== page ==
Experience, Experience, Experience! That’s what you’ll hear when you ask the best way to prepare for a job after graduation. Most people will tell you to get as many internships as you can. However, many advisers and students overlook one avenue because of its bad reputation.
People generally believe temp workers get little pay and do grunt work for companies who don’t care about them. Today, that’s simply not true. Temp work is a great way for college students to get the flexibility they can use, the extra income they want, and the experience they need. According to the American Staffing Association, workers earn an average of $10 or more per hour, in some instances more than their permanent counterparts. Temp positions are available in many fields, including health care, business, and computers, and you set your own schedule.
There are four ways temping can help put you on the path to a permanent job:
1. Use temp jobs to make job contacts directly with companies in your field. Making job contacts is imperative in today’s job market. You will need something to make you stand out in the pile of resumes employers receive each day. According to a recent study by the National Association of Colleges and Employers, nearly 45% of employers will hire less college grads this year than in past years.
To compound this quandary, the economy is bad, and experienced workers are looking for jobs too. According to the U.S. Dept of Labor, the national unemployment rate was 6.0% in April, 2003, an increase of nearly 2.5% from the same month 2 years ago. So not only will you have to compete against your co-grads, but also against older, more experienced workers. The only way to compete is to get experience, and one way to get that experience is temp work.
You can also use the temp agency’s vast resources to make job contacts. Meagan Kelly, a temp service representative for Westaff in Iowa City, IA, says, “If we have an excellent candidate we will market them to clients, and they can hire them from us for a fee.”
2. Use temp jobs to help you get internships. It can be difficult to get internships if you have no experience in your field. Some students have trouble getting paid internships without unpaid experience, but it’s hard to get unpaid internships without other unpaid internships. This is where temping comes in. If you can get a temp position at a company in your field, they will recognize your name when you interview for an internship, and you will have a slight advantage over the competition, especially if you did a good job when you temped there.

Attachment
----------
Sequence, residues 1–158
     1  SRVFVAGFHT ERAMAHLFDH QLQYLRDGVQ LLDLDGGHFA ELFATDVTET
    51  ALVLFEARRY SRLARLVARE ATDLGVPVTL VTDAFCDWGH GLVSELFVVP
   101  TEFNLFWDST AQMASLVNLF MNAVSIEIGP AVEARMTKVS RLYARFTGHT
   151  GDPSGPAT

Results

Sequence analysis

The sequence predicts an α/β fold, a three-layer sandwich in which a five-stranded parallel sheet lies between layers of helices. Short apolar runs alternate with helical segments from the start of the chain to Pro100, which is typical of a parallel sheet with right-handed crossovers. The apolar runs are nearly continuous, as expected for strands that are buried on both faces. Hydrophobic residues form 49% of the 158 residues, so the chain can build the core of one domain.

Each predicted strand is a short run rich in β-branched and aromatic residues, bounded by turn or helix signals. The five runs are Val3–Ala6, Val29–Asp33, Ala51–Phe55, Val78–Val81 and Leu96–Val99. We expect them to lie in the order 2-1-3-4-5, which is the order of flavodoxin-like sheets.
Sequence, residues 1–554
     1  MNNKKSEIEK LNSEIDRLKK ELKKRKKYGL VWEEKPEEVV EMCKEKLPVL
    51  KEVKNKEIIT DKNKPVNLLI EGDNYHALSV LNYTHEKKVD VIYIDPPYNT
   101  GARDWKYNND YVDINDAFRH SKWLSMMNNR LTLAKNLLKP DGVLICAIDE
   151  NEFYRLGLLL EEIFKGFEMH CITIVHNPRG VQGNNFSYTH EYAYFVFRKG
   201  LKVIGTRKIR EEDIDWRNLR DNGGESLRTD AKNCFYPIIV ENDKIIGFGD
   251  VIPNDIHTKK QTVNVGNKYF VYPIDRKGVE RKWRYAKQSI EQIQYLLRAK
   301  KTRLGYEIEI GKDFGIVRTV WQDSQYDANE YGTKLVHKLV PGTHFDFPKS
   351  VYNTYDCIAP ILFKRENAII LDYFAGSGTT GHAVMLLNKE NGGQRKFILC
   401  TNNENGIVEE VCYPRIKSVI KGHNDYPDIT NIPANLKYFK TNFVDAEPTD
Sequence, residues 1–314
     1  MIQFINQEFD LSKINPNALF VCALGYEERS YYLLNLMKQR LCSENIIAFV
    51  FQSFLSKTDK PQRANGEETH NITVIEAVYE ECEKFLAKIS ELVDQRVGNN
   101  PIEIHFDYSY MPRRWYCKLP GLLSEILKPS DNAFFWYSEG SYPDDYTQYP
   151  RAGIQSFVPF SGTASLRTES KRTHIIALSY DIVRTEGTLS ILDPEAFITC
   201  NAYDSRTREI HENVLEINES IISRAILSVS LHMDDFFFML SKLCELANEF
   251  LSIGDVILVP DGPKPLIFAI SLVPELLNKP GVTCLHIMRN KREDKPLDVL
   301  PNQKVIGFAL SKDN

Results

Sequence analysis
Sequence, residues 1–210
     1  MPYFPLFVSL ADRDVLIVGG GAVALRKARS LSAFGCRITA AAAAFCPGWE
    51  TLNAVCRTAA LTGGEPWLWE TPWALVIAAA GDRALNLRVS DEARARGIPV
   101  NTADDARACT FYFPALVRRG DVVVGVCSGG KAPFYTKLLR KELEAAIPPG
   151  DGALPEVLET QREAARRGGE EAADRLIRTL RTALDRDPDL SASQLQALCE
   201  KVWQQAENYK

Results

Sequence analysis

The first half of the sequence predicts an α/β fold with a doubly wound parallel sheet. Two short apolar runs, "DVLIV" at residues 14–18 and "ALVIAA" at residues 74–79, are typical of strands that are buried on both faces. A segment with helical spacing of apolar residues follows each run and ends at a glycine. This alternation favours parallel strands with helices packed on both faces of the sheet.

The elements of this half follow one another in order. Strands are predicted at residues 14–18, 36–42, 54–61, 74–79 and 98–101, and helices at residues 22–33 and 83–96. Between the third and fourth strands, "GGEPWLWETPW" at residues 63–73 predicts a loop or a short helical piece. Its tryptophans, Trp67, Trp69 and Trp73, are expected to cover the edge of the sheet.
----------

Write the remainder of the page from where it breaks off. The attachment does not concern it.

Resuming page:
Ed Crowell, a former temp worker said, it isn’t difficult to do a good job either. “A minimum of showing up will get you a good review,” he said. “. . . that’s all their after.” Ed temped over summer break, in the mailroom of a large corporation in Kansas City, MO, when he was an undergraduate. He’s currently a law student at the University of Iowa.
“If you approach a company who has an opening for summer and tell them that you would like to use it as an internship, about 90% of our clients would be willing to call it that,” Kelly said.
3. Use temp agencies to set you up with a company who wants to hire a permanent employee. Nearly 75% of workers gain permanent employment while working as a temp. This can work one of three ways.
First, the temp agency can connect you directly with a company who seeks to hire a permanent employee. Molly (who prefers to be identified by first name only), a Manpower representative in Iowa City, IA, said, “If a company calls and wants a plant manager, we would collect resumes and submit them for a sourcing fee.”
Second, you can temp-to-hire. “Companies are looking to get a feel for people,” says Kelly. Companies who are looking to hire a full time employee often use temp services to hire employees on a trial basis, kind of like a probation period. “If a person performs well, they could be hired,” she said.
Third, similar to the other ways to use temp experience to your advantage, if you’ve temped or interned at a company, they will recognize your name when you apply for a full time job. You may even have a personal contact who can put in a good word for you.
4. Become a full time temp. You will be at the top of the list for jobs by the time you graduate if you start temping part time while you’re still in school. Many people don’t take temping seriously. Prove that you’re reliable, and you will get called for jobs first. Then, if you find yourself in a position where you’re about to graduate and don’t have a job lined up, you can call your agency representative, and set up enough temp jobs to keep you busy. But you’ll also have the flexibility to look for other work.
Workers who find that they need flexibility for family responsibilities, or other non-work related activities can work when, where, and however they want. “Temp jobs last anywhere from one day to a year, but most are around 90 days,” says Molly. You can design a work schedule to fit your individual needs. While this may not be a great option for some because it doesn’t offer benefits like health insurance, paid vacation time, or sick leave, others are willing to make that trade in order to pay the rent. Even though temp agencies do not offer paid vacations, you will still have the opportunity to take time off from work since it’s you, not the company that sets your schedule.
Temping in college provides many opportunities to get experience and exposure with companies that you will likely apply to when you graduate. To get your foot in the door, you will need an advantage, and temping can provide one.